Adobe is putting all of its chips in the cloud, a move made readily apparent with a slew of announcements at its Max conference in Los Angeles today.
Perhaps the most notable change is that Photoshop (rebranded Photoshop CC, but more on that below) will be a subscription-based service, though Adobe assured us it will continue to support Photoshop CS6.
It’s all part of a major update to its Creative Cloud property, one that ultimately will do away with Creative Suite as Adobe won’t roll out new CS releases down the road. CS6 will still be available for purchase, but only in the forms currently on store shelves.
Come June, Adobe will introduce a new set of desktop applications branded “CC” aside from Photoshop CC, including InDesign CC, Illustrator CC, Dreamweaver CC and Premiere Pro CC.
While now a pay-to-use service, the new Photoshop isn’t without its enhancements, which include sync settings, Adobe Camera Raw 8 improvements and other editing features.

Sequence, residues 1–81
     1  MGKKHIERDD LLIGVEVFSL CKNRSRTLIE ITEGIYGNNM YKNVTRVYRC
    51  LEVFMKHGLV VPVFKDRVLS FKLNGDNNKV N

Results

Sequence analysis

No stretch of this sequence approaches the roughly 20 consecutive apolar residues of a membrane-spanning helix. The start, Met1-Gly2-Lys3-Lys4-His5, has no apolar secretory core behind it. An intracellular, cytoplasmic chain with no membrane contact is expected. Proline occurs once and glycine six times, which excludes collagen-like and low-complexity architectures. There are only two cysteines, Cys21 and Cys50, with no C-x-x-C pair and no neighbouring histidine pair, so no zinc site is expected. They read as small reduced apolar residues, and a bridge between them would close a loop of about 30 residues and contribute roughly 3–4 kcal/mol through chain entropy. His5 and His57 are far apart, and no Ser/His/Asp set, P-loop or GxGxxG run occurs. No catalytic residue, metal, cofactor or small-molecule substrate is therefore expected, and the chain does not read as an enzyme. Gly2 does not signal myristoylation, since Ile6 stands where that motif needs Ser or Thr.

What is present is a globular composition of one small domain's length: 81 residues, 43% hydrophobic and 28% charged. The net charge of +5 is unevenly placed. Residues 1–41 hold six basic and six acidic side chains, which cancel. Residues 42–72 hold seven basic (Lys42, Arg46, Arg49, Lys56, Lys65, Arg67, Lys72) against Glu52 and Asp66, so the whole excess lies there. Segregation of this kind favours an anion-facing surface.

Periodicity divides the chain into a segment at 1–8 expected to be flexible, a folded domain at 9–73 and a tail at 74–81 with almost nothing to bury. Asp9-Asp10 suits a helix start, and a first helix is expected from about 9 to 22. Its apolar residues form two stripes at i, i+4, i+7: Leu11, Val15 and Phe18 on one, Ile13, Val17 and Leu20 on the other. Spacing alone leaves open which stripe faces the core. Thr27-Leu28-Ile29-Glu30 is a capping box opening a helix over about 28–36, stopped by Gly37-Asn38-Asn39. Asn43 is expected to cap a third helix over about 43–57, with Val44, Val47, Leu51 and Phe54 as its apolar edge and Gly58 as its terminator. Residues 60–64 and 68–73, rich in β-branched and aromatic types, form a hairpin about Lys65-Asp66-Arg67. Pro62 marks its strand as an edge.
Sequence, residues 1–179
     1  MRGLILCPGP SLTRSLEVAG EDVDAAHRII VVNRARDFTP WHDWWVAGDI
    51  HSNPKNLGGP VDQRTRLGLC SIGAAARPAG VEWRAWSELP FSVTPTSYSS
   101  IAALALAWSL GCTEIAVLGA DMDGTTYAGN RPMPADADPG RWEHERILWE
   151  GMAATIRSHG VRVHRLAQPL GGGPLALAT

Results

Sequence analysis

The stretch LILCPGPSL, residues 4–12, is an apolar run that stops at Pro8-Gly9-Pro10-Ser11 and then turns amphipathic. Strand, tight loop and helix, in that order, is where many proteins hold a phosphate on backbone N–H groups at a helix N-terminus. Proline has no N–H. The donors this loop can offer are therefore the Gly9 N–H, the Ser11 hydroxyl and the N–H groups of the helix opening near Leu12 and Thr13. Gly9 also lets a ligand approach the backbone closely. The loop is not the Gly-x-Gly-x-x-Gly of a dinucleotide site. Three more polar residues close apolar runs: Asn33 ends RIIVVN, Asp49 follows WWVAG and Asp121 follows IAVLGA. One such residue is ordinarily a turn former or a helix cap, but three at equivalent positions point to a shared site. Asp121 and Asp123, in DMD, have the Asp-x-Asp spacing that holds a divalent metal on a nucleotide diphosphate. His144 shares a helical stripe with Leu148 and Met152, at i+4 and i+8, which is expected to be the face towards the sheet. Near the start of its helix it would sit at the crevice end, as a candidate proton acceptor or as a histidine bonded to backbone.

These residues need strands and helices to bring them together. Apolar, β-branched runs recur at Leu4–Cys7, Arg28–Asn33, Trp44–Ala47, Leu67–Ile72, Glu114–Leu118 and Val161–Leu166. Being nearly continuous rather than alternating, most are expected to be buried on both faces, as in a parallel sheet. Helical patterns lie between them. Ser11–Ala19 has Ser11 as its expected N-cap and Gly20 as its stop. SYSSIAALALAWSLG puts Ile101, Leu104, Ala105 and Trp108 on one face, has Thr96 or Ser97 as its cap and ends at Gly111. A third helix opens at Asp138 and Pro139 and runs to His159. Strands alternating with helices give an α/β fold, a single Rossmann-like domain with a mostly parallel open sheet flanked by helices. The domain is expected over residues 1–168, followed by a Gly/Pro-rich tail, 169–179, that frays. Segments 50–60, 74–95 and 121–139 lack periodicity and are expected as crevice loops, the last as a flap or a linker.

For those that don’t own a steady cam, the most practical updated feature may be Camera Shake Reduction, a tool that deblurs formerly unsalvageable images.
So what will it cost to access Photoshop CC? Adobe is throwing out a Creative Cloud single-app membership for a special introductory price (read: limited time) of US$9.99/month for those who already own Photoshop CS3, CS4, CS5 or CS6.
Following that pricing is a rate of US$49.99/month for individual Creative Cloud membership. Those who own CS3 through CS5.5 can get their first year in the Cloud at a rate of US$29.99/month.
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